Is It Too Much to Ask for a Little Boredom in Washington?

Image source: Black Country Museums

Phew! Crisis averted. Well, for a few months, anyway.

Earlier this year, we confessed to nearly losing track of all of the brinksmanship in the nation’s capital—over “sequestration,” the debt ceiling, the “fiscal cliff,” etc., etc. It’s no way to run a country.

The deal reached this week by the House and Senate to restart the government after 16 days of shutdown and meet the nation’s debt obligations is hardly reassuring. Instead, it is “going to kick the can down the road,” Joel Prakken, co-founder of the forecasting firm Macroeconomic Advisers, told NPR. “In which case we’ll have set up yet another near-term, calendar-driven fiscal crisis that will perpetuate the elevated level of uncertainty for the last several years.”

It’s a malady with which Peter Drucker was well acquainted. “Poor management wastes everybody’s time,” he wrote in The Effective Executive. “The symptom to look for is the recurrent ‘crisis,’ the crisis that comes back year after year. A crisis that recurs a second time is a crisis that must not occur again.”

Government is especially fond of the recurrent crisis. Drucker pointed out that one reform made by Defense Secretary Robert McNamara was to put a halt to an annual crisis that gripped the Pentagon every spring. “Every manager in the defense establishment, military or civilian, tried desperately in May and June to find expenditures for the money appropriated by Congress for the fiscal year,” Drucker noted. “Otherwise, he was afraid he would have to give back the money.” McNamara, seeing how wasteful and unnecessary this was, made sure that the unused sums got placed into an interim account.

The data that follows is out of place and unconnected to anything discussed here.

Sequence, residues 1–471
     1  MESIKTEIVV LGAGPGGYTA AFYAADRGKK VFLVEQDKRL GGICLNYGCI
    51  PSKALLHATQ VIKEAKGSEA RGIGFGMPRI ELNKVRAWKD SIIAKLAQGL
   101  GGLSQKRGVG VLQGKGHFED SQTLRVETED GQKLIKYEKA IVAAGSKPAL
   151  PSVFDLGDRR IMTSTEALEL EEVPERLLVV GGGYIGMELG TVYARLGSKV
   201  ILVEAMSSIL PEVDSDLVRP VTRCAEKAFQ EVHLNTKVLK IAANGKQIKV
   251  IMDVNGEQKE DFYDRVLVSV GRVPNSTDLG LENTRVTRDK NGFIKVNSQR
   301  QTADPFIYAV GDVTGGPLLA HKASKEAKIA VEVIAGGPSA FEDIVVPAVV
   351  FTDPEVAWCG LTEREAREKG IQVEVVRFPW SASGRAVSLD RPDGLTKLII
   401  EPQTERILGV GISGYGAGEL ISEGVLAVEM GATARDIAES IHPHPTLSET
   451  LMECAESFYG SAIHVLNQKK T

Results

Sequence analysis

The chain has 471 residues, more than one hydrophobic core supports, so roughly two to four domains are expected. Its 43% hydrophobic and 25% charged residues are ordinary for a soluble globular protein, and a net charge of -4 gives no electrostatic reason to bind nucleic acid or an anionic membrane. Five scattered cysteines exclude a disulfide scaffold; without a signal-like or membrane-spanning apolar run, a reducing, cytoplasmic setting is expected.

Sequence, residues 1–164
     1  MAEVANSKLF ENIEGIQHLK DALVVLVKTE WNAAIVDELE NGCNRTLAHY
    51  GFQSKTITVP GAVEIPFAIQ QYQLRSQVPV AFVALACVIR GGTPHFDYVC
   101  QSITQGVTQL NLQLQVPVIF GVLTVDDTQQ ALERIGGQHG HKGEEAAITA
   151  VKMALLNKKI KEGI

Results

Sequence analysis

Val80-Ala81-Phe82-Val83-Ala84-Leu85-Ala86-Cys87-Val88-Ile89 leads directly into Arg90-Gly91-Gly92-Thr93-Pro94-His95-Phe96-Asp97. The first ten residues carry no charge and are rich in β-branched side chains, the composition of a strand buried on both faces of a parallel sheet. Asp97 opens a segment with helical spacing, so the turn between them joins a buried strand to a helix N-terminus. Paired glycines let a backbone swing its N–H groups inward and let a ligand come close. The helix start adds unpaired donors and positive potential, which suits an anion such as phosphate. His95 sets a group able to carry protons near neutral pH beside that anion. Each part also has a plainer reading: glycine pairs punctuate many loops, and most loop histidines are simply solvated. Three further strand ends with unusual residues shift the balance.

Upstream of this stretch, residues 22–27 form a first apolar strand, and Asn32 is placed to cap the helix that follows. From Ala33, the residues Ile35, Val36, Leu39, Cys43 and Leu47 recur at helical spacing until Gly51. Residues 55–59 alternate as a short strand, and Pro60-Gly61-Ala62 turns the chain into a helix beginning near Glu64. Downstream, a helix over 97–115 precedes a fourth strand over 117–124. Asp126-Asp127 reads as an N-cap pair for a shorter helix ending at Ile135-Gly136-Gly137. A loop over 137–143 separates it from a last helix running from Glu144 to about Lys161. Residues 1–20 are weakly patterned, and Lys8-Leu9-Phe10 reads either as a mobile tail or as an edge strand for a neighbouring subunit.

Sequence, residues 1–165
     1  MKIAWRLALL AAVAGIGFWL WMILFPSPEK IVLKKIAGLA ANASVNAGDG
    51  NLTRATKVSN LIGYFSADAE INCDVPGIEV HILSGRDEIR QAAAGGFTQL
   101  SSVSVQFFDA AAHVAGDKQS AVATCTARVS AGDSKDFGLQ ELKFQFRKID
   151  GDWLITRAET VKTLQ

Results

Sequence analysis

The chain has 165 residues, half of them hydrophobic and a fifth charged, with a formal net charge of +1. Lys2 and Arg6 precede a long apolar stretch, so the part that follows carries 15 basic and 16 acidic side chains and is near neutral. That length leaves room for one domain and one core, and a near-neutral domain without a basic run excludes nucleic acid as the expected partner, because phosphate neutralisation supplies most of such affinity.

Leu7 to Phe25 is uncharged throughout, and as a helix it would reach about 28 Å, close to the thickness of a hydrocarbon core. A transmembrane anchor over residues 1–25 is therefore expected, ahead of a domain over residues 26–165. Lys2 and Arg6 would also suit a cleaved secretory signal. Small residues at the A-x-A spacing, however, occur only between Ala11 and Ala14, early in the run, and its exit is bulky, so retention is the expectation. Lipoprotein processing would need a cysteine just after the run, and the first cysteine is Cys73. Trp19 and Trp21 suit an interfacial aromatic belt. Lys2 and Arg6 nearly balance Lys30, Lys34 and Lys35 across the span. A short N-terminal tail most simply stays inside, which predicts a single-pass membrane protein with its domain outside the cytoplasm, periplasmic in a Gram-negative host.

As we’ve discussed before, Drucker felt that a well-managed organization was a dull one: “The ‘dramatic’ things in such an organization are basic decisions that make the future, rather than heroics in mopping up yesterday.”

Our politicians have proven capable of planning and long-range decisions in the past, at least at times. But, at present, such dullness seems out of reach.

How, if at all, can Washington escape the perpetual crisis?